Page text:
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Re: Conflict resolution between width and margin properties

From: Bert Bos <Bert.Bos@sophia.inria.fr>
Date: Mon, 19 Jan 1998 01:58:27 +0100
Message-Id: <199801190058.BAA01064@hyctia.inria.fr>
To: www-style@w3.org
Todd Fahrner writes:
 > There's a discrepancy between the ways NS4 and IE4 handle the following
 > situation, and I don't know which is correct - does anybody? The case:
 > 
 > Suppose I have a textual element set to be 36em wide (to keep lines from
 > running too long based on the font size). In addition to setting a width, I
 > specify left and right margins of 16% and 8%, respectively. 
 > 
 > In NS4, this behaves nicely (except the em unit is incorrectly large, and
 > the percentage reckoning doesn't start at the window edge but the "body
 > offset edge"). When the window is very wide, the left edge of the element is
 > at around 16% of the window width, but the width of the column does not
 > exceed 36em. When the window is very narrow, the margin properties override
 > the width property, and the element becomes narrower than 36em. No clipping.
 > 
 > In IE4, all is well until you make the window very narrow. Here, the width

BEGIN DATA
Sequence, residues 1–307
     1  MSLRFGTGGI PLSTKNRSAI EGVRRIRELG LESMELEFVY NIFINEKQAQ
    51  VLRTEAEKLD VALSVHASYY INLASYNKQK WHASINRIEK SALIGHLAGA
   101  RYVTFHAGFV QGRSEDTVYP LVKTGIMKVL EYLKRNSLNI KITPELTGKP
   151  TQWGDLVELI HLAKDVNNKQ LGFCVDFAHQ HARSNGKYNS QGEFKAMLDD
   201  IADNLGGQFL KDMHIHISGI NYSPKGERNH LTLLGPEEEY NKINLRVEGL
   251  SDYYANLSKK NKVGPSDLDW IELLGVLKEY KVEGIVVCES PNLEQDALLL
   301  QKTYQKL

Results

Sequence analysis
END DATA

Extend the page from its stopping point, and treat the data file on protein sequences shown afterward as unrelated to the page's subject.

> property overrides the margin properties, and clipping occurs. Note that you
 > can set a width only on the DIV element in IE4, not on anything more useful
 > like common paragraphs or BODY.

CSS1 says that the width is always honoured, and if both margins are
set to something else then 'auto', than the right margin is ignored
(or rather, treated as 'auto').

Your textual element should therefore be 36em wide, independent of the
window size. The left margin (16%) depends on the parent element (and,
eventually, probably on the window size), while the right margin is
whatever is left.

I can't test MSIE right now, but my copy of NS4.0 (Linux) seems to
work (like you descibe) OK as long as the window is wider than the sum
of margins and width, but fails to honour the width otherwise.

From your description I gather that MSIE4 is correct.

Note that in CSS2 there are extra properties min-width and max-width,
which gives you some more control over text in very wide or very
narrow windows.

For right-to-left text, CSS2 also describes that the left, rather than
the right margin is ignored in an overconstrained situation.


Bert
-- 
  Bert Bos                                ( W 3 C ) http://www.w3.org/
  http://www.w3.org/people/bos/                              W3C/INRIA
  bert@w3.org                             2004 Rt des Lucioles / BP 93
  +33 4 93 65 76 92               06902 Sophia Antipolis Cedex, France
  +33 (0)4 92 38 76 92 (<--- after 5 Jan 1998)
Received on Monday, 19 January 1998 05:56:37 GMT

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